14.904    Failure to Furnish Correct Payee Statements
            14.905    Penalty for Noncompliance with Electronic Filing Requirements
            14.906    Relief from Tax Penalties
    
14.10    FINANCIAL REPORTING
            14.1001    Full Disclosure of Financial Information
            14.1002    Bankruptcy Schedules
            14.1003    Statement of Financial Affairs
            14.1004    Access to the Official Forms
            14.1005    Monthly Operating Reports
            14.1006    Small Business Requirements
            14.1007    Other Reporting Requirements
            14.1008    Financial Reporting When Entities Emerge from Chapter 11
    
APPENDIX 14-1:  DEBTOR’S BALANCE SHEET—FRESH START ACCOUNTING

CHAPTER 15:  CLAIMS AGAINST THE BANKRUPTCY ESTATE

15.1    INTRODUCTION

15.2    PROOFS OF CLAIM
            15.201    In General
            15.202    Definition of Claim
            15.203    Bar Date
            15.204    Secured Claims
            15.205    Mechanics of Filing and Maintaining Claims
            15.206    Common Mistakes
            15.207    Allowance of Claims and Objections
            15.208    Effect of Filing a Proof of Claim

CHAPTER 16:  BANKRUPTCY ETHICS VIOLATIONS, FRAUD, AND CRIME

16.1    INTRODUCTION

16.2    ETHICS VIOLATIONS
            16.201    In General
            16.202    Attorney-Client Privilege and the Duty to Disclose
            16.203    Violations of Federal Rule of Bankruptcy Procedure 9011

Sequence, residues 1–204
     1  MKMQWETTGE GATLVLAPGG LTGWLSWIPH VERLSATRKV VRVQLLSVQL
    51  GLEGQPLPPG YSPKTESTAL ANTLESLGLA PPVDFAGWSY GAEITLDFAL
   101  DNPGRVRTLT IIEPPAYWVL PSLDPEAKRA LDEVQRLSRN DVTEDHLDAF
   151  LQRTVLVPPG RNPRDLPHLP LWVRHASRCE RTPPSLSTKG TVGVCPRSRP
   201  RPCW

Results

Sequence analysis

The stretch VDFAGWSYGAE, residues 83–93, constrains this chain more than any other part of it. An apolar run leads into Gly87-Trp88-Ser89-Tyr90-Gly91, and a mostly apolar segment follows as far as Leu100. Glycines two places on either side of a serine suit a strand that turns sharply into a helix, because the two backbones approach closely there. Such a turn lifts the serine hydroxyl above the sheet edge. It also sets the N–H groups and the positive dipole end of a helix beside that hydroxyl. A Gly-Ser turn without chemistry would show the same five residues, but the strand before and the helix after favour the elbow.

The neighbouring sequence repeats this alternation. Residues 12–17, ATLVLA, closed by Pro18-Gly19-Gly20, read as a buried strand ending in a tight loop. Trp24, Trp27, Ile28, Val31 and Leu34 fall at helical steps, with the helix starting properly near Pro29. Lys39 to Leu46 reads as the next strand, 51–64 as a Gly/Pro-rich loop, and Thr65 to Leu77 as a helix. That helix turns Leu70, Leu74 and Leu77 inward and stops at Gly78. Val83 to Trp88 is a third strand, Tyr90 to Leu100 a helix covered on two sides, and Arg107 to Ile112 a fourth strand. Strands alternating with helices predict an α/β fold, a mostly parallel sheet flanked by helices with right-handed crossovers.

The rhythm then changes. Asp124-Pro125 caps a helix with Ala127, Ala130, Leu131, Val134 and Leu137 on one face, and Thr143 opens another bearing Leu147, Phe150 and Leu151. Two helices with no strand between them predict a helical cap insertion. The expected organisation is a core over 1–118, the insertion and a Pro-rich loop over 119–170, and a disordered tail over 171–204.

16.204    Duty to Disclose Adverse Authority
            16.205    Ethical Issues with Electronic Case Filing
            16.206    “Ghostwriting” in Bankruptcy Courts
            16.207    Unauthorized Practice of Law in Bankruptcy Court
            16.208    Flat Fees in Chapter 7 Cases
            16.209    Courts’ Role in Enforcing Ethical Standards
    
16.3    BANKRUPTCY CRIMES
            16.301    Criminal Intent
            16.302    Concealment of Assets
            16.303    False Oath
            16.304    False Claims
            16.305    Bribery
            16.306    Fraudulent Transfers
            16.307    Destruction, Concealment, or Withholding of Records
            16.308    Embezzlement
            16.309    Conflicts of Interest
            16.310    Illegal Fee Agreements
            16.311    Improper Petition Preparer Conduct
            16.312    Bankruptcy Fraud
            16.313    Statute of Limitations
            16.314    Required Reference of Criminal Matters
        
16.4    RELATED CRIMES
            16.401    Aiding and Abetting
            16.402    Conspiracy
            16.403    False Statements—Perjury